All told, the company will launch 13 electrified (hybrid or EV) vehicles, with seven coming in just the next five years. Along with a 300-mile-range SUV, a hybrid Mustang and a hybrid F-150 truck, Ford will also build a Transit Custom plug-in hybrid taxi and, interestingly, two electrified police cars. It'll invest $700 million and add 700 new jobs in its Flat Rock, Michigan, assembly plant, "to create a factory capable of producing high-tech and autonomous vehicles," the company said in the same press release.
At the same time, the automaker is cancelling plans for a $1.6 billion plant in San Luis Potosi, Mexico, and will instead build the next-generation Focus in an existing Mexican plant. "This will make way for two new iconic products at Michigan Assembly Plant in Wayne, Michigan, where the Focus is manufactured today -- safeguarding approximately 3,500 US jobs," the company wrote.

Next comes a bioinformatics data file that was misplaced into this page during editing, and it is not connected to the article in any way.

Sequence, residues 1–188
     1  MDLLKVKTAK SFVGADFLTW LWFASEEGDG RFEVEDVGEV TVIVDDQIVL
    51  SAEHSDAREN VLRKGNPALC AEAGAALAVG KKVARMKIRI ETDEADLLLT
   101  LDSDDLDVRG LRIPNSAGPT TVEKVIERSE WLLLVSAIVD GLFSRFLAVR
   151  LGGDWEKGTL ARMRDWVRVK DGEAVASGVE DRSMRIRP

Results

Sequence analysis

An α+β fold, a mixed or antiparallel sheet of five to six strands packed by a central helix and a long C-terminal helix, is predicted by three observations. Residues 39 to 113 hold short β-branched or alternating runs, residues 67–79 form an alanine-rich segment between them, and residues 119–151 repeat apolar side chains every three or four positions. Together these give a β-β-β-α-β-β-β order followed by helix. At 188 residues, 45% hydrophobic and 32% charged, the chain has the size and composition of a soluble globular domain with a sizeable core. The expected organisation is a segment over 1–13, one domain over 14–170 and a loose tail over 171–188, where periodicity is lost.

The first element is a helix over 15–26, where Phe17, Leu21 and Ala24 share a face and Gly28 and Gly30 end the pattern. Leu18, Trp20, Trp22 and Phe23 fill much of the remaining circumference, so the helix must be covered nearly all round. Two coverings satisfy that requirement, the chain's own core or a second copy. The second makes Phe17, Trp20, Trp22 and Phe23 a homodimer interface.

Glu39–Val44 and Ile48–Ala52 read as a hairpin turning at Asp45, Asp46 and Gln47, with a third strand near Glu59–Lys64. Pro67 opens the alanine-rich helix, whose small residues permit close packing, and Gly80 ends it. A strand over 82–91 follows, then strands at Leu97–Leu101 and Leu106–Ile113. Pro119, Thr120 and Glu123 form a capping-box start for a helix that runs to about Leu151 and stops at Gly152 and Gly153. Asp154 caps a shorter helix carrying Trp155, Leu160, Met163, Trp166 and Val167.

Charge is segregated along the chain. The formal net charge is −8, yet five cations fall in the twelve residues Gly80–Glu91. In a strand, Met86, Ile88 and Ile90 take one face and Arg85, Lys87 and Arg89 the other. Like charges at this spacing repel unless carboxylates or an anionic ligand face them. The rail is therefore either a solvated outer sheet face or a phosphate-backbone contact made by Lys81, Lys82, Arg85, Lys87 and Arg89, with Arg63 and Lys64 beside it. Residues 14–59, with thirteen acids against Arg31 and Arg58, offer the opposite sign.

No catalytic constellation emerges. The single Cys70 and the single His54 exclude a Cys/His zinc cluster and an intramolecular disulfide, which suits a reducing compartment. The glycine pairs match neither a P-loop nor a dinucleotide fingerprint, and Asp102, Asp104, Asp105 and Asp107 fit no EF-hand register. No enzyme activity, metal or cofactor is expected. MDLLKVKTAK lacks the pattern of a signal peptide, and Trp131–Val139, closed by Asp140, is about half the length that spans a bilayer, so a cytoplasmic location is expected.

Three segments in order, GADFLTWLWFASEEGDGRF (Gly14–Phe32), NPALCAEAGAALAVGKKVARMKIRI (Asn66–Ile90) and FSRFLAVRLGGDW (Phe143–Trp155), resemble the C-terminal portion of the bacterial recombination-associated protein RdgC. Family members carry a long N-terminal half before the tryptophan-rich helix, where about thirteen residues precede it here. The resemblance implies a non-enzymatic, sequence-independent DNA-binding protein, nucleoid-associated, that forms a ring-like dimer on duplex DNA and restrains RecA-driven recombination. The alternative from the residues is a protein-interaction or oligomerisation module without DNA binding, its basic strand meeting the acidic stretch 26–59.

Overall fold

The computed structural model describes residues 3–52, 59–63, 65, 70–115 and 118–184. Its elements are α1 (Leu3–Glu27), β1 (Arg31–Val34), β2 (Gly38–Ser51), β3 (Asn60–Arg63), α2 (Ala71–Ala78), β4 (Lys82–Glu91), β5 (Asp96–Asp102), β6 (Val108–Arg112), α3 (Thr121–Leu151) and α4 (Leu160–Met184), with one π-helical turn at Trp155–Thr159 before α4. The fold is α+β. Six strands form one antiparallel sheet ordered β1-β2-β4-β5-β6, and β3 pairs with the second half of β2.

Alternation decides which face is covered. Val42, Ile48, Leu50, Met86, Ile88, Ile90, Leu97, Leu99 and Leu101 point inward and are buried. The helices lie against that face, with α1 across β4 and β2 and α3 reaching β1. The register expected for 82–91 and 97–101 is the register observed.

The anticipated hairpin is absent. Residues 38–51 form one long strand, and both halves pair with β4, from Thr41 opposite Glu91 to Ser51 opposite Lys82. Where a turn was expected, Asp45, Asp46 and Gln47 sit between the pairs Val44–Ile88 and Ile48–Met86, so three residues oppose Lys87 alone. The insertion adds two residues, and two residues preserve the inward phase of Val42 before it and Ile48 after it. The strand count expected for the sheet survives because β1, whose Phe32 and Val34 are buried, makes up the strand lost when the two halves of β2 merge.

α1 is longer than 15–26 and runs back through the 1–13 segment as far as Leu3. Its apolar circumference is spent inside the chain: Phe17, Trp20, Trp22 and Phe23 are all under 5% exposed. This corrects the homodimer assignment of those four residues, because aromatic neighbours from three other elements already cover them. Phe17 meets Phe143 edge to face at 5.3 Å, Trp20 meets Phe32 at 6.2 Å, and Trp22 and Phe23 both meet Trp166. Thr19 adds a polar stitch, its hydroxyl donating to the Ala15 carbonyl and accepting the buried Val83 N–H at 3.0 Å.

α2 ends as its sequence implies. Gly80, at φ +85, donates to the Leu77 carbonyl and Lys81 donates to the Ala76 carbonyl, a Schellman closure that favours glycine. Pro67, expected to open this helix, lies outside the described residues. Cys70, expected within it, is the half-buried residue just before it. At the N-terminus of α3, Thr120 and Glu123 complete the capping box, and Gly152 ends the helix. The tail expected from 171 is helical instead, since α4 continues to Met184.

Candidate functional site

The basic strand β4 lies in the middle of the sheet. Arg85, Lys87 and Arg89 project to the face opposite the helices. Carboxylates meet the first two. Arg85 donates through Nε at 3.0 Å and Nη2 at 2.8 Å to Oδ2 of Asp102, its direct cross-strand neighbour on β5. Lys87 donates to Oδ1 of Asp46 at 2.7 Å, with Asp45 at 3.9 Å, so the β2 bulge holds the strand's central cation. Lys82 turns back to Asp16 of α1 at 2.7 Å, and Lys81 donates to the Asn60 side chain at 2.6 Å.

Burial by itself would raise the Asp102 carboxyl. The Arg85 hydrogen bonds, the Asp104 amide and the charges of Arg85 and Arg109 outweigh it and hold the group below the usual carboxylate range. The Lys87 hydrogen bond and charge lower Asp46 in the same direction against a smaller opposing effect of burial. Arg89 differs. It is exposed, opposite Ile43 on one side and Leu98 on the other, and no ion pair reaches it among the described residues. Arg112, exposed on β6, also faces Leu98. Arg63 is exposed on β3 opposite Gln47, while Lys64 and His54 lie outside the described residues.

The US automaker already has a number of plug-in hybrid cars, but the Focus Electric is its only pure EV in the US. Unlike models from Tesla, GM and Renault, to name just a few, the 2017 Focus is limited to just 100 miles, which is actually a step up from last year's model. Fields recently complained about soft demand for EVs, despite over 400,000 orders for Tesla's Model 3. However, the company is certainly aiming at its base by launching electric versions of its iconic Mustang, F-150 and cop cars.
Along with the new cars, Ford will build an "ultra-fast charging network projected to be significantly faster than the most powerful charging system deployed today," presumably meaning Tesla's Supercharger. The company will build out 400 sites in Europe in the near term with "access to thousands of high-powered charging points" by 2020. What's more, Ford said it's piloting wireless-charging tech in the US and Europe "that makes recharging as easy as pulling into a parking spot so drivers never forget to recharge."
Despite the news, Ford's EV plans are mild compared to more-dramatic recent announcements by Volkswagen and other automakers. Its decision to cancel the Mexican plant is a surprise, because Fields specifically said he wouldn't do that as early as last month in the face of criticism by President-elect Donald Trump.Click here to catch up on the latest news from CES 2017.